The preparatory commission for the Comprehensive Nuclear Test Ban Treaty on Friday welcomed the recent ratification of the pact by Thailand and a new signing by the Polynesian island nation of Tuvalu.
Bangkok, which ratified the treaty in September, became the 167th state to do so. This also marked the ratification of the pact by all 10 members of the Association of Southeast Asian Nations.
ASEAN has a separate accord called the Southeast Asia Nuclear-Weapon-Free Zone Treaty, in effect since 1997, which declares Southeast Asia a nuclear weapon-free zone and asks the five recognized nuclear powers -- Britain, China, France, Russia and the United States -- to pledge not to use such weapons in the region.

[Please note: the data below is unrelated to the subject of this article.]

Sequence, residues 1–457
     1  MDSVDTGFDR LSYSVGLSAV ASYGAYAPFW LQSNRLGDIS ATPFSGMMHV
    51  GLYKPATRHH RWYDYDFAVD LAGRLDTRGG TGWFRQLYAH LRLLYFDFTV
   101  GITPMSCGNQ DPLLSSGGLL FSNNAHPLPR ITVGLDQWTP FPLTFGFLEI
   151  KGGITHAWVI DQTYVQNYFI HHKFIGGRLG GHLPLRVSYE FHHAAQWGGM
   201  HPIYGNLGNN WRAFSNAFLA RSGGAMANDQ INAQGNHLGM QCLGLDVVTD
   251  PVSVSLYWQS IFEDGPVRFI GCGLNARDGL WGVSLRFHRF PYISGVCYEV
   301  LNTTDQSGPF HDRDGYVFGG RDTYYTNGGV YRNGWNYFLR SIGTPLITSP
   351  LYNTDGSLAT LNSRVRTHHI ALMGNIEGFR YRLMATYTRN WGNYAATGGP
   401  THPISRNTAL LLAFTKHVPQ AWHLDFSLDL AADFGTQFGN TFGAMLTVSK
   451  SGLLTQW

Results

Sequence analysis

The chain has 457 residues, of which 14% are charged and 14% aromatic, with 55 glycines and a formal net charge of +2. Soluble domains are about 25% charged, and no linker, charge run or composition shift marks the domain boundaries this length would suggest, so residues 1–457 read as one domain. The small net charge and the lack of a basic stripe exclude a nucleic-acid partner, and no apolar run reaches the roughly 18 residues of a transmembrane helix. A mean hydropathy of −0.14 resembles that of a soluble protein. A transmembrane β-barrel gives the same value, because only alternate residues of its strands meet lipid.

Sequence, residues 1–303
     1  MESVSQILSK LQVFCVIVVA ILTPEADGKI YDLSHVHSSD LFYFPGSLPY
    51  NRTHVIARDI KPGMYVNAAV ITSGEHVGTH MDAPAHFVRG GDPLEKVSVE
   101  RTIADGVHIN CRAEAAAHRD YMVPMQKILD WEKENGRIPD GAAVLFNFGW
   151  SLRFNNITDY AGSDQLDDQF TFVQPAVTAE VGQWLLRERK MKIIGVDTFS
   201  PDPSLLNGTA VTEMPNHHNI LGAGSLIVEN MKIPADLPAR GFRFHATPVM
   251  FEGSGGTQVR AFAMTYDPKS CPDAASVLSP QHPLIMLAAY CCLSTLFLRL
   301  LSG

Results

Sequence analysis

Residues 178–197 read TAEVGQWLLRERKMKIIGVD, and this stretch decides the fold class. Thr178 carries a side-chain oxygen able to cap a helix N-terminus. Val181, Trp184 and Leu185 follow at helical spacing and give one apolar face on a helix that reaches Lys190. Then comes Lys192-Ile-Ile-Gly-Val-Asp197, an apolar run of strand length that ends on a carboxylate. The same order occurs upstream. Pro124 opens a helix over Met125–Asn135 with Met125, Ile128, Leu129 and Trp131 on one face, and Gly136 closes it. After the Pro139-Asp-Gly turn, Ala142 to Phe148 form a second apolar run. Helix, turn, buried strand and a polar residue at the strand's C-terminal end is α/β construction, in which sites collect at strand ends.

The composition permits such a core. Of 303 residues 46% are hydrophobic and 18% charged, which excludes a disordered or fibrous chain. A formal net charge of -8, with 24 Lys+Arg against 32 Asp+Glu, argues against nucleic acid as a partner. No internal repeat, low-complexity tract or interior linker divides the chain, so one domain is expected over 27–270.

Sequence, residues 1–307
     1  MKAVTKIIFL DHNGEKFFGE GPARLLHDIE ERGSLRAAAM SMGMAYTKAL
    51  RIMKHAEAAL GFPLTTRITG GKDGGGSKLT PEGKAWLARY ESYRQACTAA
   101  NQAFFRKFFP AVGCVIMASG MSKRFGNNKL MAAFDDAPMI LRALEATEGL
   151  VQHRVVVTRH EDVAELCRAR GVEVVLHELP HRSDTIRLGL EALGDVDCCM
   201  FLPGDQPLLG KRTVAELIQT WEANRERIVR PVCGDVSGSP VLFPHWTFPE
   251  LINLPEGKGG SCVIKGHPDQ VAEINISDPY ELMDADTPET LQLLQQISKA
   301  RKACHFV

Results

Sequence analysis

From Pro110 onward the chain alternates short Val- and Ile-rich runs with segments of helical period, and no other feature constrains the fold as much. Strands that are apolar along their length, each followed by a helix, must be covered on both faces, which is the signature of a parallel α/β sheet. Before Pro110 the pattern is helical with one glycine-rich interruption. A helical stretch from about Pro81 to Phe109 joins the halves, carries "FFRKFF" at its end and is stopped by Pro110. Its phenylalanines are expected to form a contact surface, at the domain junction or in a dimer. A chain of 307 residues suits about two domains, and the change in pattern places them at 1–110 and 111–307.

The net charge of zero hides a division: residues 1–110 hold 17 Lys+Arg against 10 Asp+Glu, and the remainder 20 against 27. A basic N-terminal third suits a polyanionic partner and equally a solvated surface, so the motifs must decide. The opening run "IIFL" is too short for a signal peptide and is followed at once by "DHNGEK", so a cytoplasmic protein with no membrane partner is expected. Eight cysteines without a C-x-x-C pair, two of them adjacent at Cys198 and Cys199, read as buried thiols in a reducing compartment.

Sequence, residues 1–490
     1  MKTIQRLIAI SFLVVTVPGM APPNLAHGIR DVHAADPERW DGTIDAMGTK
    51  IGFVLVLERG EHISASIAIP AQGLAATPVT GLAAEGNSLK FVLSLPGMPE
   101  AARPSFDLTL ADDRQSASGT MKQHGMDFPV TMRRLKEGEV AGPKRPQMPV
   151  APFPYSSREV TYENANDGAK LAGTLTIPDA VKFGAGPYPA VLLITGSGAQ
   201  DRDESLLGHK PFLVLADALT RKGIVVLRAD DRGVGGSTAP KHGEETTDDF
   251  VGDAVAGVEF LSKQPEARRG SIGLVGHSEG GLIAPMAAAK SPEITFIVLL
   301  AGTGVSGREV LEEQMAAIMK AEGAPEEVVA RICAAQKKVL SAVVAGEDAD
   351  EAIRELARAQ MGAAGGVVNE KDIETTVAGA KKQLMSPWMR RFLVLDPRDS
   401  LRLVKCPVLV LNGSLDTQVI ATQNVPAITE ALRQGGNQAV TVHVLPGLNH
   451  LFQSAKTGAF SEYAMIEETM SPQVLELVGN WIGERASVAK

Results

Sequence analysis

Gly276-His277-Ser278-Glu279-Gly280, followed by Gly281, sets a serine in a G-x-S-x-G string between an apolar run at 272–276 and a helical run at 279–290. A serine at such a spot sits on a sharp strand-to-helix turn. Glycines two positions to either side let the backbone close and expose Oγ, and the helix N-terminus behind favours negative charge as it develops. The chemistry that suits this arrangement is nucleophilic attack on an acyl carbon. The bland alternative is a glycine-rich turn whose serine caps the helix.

The CTBT aims to establish a verifiable global ban on all types of nuclear explosive tests. Including Tuvalu, the pact has been signed by 184 countries.
To take effect, the CTBT must be signed and ratified by the 44 countries that had nuclear reactors for research or power generation while the treaty was under negotiation. Eight of those states -- the United States, China, Egypt, India, Iran, Israel, North Korea and Pakistan -- have yet to ratify it.